simplex. The linear objective
function that is optimized at each
step changes from iteration to it-
eration. The sequence of points
generated this way is shown to
converge to an optimal solution
in polynomial time using a surrogate
objective function that ensures the necessary
monotonicity and decrease from step to
step.
Different from the simplex method and the
ellipsoid method Narendra Karmarkar's
algorithm is an interior point method that
realizes the intuitively most appealing idea
of "shooting" through the polyhedron to an
optimal point. It is based on a genuinely
new idea and has revived interest in the
search for faster and ever more efficient


ways of solving large-scale linear program-
ming problems. Within a short span of four
years, Karmarkar's new method has already
generated numerous subsequent develop-
ments, given a fresh impulse to the field of
mathematical programming and increased
the hope of extending linear and nonlinear
programming problem-solving capabilities
to problems of sizes bigger than those
solved today.
An entire issue edited by Nimrod Megiddo
(1986) of the journal Algorithmica is
devoted to related nonlinear programming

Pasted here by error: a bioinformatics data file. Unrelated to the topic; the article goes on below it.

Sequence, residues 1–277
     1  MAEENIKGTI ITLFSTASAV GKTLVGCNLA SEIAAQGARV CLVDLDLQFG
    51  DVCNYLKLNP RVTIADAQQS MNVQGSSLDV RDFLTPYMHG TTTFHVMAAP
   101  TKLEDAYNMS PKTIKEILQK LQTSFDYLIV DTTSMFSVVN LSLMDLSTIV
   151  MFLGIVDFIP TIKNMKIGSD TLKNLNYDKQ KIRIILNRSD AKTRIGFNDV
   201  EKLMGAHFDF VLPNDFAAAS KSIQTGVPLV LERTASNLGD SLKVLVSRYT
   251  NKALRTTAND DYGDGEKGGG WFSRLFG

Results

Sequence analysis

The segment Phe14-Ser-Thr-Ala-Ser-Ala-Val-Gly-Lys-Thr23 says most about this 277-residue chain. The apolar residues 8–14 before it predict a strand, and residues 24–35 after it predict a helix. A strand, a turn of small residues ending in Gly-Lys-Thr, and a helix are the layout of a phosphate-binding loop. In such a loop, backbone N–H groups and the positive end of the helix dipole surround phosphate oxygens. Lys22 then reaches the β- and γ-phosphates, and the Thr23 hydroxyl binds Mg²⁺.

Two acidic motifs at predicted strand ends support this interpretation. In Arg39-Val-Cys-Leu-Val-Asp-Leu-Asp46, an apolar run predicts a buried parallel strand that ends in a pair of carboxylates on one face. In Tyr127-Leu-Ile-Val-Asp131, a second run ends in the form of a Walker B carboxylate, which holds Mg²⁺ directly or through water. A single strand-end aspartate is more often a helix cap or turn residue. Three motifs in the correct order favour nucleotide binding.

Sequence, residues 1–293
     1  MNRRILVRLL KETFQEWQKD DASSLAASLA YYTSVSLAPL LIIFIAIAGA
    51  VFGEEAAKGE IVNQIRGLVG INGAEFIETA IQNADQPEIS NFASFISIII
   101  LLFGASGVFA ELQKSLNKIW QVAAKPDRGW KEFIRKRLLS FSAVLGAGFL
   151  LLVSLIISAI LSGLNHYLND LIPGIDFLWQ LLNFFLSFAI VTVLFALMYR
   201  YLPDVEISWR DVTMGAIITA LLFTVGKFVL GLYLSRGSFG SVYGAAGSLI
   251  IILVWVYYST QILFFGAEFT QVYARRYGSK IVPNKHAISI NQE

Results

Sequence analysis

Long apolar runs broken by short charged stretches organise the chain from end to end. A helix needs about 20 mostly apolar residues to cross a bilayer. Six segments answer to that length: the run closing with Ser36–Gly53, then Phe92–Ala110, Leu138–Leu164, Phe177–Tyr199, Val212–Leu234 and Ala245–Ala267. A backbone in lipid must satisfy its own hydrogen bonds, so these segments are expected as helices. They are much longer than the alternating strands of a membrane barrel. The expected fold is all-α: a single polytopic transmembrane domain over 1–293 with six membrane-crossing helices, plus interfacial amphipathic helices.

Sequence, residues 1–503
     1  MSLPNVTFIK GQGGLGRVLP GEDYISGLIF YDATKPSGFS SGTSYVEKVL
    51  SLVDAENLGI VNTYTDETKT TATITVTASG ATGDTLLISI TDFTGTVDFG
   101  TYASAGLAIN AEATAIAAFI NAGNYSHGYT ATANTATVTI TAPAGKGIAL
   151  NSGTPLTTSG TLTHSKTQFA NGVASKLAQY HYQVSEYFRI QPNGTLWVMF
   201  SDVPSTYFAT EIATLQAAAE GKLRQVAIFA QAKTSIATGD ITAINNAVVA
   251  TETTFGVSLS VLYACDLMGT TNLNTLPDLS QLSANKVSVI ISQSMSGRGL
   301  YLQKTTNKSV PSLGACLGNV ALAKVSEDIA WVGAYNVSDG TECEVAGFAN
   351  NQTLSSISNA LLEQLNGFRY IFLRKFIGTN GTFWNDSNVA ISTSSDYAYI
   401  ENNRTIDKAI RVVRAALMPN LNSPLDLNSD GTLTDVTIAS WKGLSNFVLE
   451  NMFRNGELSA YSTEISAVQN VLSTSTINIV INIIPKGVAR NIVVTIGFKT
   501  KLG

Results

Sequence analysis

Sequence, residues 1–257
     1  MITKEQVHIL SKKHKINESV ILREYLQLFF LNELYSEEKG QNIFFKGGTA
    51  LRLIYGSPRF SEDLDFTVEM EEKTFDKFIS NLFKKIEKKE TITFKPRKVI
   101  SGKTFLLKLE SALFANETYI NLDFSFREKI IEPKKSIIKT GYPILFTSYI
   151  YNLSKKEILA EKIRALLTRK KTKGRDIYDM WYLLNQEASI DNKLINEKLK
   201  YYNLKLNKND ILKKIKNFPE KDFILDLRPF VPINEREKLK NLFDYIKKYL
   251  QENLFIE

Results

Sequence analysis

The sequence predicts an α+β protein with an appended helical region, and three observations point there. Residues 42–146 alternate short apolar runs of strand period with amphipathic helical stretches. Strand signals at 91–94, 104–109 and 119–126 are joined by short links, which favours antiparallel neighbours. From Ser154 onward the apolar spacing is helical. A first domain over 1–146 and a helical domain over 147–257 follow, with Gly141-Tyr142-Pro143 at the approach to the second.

approaches to linear programming. Papers
by Iri and Imai (1986), de Ghellinck and Vial
(1986) and others explore Newton-type and
related descent methods for linear program-
ming. Karmarkar's work stimulated
renewed interest in the "barrier methods" of
nonlinear programming, see e.g. Gill,
Murray, Saunders, Tomlin and Wright
(1986). Connections to areas of classical
mathematics such as partial differential
equations, differential geometry and
convexity are investigated in several papers
by Bayer and Lagrias (1986). Affine variants
of Karmarkar's algorithm are discovered
and rediscovered, see Dikin (1967) and
Barnes (1986). Huard's method of analytic
centers (1967) is re-examined in a new light,
see Sonnevend (1985) and Mehrotra and Sun
(1988).
In summary, Narendra Karmarkar's work
represents one of the most significant ad-
vances in recent years in mathematical
programming as well as in the theory of
algorithms and has already left a major
imprint on the field of linear and nonlinear
computation.

References
[1] E. Barnes (1986), A Variation on Karmarkar's
Algorithm for Solving Linear Programming
Problems. Mathematical Programming, 36:174-182.
[2] D.A. Bayer and J.C. Lagarias (1986), The
Nonlinear Geometry of Linear Programming.
Preprints AT&T Laboratories, Murray Hill, NJ.


--~-s


PAGE 6